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Master Chief TV Actor Breaks His Silence On Fan Hate

Before the "Halo" television adaptation even premiered, fans were already worried about it. A leaked trailer gave fans a peek at what the protagonist, Master Chief, would look like, and longtime video game fans weren't too pleased. The helmeted warrior is quite a bit different than he is in the video game series, and even reveals his face early on in the show. While the showrunners insisted that revealing Master Chief's identity was important to the story of "Halo," the video game series has a huge rule that he never reveals what he looks like under the helmet. After all, Master Chief's anonymity helps with player immersion, and it's perhaps best to not detail the horrific surgical experiments he endured during his childhood.

The Paramount Plus branded "Halo" series defies tradition by having Master Chief take off his helmet, and fans have largely disapproved of the decision. They swiftly took their grievances online and it was only a matter of time before Pablo Schreiber, the actor who portrays Master Chief in the show, posted a response to the discussion. Schreiber uploaded a message to fans (and haters alike) on Instagram, explaining his feelings about the show and the response it's received so far. While he's incredibly grateful for the support, Schreiber didn't mince words for those that found the "Halo" adaptation disappointing.

Schreiber breaks his silence

Pablo Schreiber broke his silence after the premiere of "Halo" in an Instagram post. Schreiber began by celebrating the large viewership of "Halo," commenting that it was the second most-streamed piece of media after "Coda," which won the Oscar for Best Picture. He thanked fans that had made the show a success, saying, " I am honored and humbled to be in service to this amazing universe and lore." Schreiber promised that the show would soon expand to other countries on Paramount Plus, and that "Halo" will be free to become popular all over the world.

After all of that goodwill, Schreiber had a special message "for all the 'fans' rooting against the home team, who hated the show before they saw it and disagree with what we are doing." Schreiber explained that while those gamers' opinions are valid and important, they were predisposed to dislike a show that further popularizes a franchise they love. He encouraged those fans to be a bit more open-minded about the "Halo" series and to remember that he has the same goal as viewers: to make enrich and expand the world of "Halo."

Ultimately, Schreiber pledged to keep doing his best to make the show a success. He communicated that he's passionate about the world of "Halo" and wants to bring it to as many people as possible, and he insinuated that any true fan of the game series should want the same thing. That being said, readers of Schreiber's post didn't stay quiet on the subject, and instead let the world know exactly how they felt. When HaloHubNews on Twitter reposted Schreiber's comment, gamers responded in kind with mixed opinions.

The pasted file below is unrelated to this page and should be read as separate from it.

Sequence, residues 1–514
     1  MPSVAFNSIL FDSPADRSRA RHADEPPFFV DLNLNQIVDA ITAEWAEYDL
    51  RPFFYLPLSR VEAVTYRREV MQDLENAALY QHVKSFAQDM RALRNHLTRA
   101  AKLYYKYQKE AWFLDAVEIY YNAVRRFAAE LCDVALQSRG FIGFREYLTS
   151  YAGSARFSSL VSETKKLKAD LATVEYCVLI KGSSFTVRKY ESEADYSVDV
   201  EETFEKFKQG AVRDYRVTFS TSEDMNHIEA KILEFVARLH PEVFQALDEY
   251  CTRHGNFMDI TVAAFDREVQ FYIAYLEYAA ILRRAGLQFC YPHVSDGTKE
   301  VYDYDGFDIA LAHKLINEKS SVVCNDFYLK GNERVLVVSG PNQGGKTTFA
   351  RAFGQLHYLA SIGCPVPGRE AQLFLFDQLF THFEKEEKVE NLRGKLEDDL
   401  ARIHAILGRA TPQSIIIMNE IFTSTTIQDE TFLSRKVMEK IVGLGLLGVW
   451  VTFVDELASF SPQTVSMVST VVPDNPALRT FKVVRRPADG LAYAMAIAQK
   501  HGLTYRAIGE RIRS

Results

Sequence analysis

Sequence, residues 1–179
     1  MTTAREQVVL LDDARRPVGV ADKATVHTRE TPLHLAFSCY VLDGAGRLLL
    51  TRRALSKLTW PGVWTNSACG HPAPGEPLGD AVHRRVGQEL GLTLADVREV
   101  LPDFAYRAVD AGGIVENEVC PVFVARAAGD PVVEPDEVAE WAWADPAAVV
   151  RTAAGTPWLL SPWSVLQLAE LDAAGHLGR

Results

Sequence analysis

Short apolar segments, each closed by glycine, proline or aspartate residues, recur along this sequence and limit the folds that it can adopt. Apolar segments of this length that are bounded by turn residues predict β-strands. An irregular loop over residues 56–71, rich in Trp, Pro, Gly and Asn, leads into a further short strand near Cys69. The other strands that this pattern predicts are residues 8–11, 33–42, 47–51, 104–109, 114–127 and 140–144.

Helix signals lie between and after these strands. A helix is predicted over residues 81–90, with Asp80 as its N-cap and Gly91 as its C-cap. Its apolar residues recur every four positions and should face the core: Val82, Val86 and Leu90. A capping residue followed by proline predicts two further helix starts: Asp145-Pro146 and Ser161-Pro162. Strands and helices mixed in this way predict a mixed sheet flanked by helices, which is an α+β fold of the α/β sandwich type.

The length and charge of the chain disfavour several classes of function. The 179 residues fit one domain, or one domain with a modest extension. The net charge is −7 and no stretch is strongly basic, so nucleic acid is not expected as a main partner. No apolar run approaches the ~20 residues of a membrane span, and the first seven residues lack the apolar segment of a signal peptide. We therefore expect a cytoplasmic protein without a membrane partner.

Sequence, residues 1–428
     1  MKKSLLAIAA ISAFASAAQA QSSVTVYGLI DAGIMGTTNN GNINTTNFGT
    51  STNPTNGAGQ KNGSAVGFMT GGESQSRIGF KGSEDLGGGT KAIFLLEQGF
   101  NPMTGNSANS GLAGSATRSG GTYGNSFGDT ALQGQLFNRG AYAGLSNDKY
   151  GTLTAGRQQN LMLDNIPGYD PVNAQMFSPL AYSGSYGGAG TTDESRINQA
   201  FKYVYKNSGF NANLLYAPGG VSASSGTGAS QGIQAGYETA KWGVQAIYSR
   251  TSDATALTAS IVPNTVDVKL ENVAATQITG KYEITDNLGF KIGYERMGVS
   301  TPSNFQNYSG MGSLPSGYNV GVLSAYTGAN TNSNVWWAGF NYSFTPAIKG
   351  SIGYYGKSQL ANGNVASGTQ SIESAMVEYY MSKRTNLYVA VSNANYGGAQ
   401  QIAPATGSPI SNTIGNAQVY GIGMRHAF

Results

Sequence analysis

Fans didn't mince words about Master Chief

Reactions to Schreiber's statement – and the "Halo" series itself – ran the gamut online, and viewers seemed divided on their opinions of the show. Some found issue with Schreiber's tone, and one viewer said, "Hate when actors talk down to their audience like this. A lot of people are watching and still disagree with the direction being taken, but are trying to give it a chance." Others said the problem wasn't with Schreiber himself, but with the writing and direction of the show, which diverts from the established story of the games.

One fan even said that the issue wasn't with the show itself, but its source content, pointing out that the show is an adaptation of the "Halo" novels, not the "Halo" games. Gamers will never be satisfied with the series if it's not covering the same stories as the games, the viewer explained, but that's not an issue with the show itself. Instead, gamers should shift their expectations accordingly. It may be that the cause of fans' disappointment with the "Halo" show isn't Schreiber at all, as actors don't typically have a hand in writing the script for a project. 

Many fans felt upset that the "Halo" show has a completely different continuity from the games and is based more on the "Halo" novel series. This seems to have led to confusion about what lore or plot points are considered canon, which has upset fans of the game series even more. Regardless of how fans feel about the new property, Season 2 of "Halo" is further along than one might think. The show will continue to move forward, with Master Chief's unhelmeted face leading the way.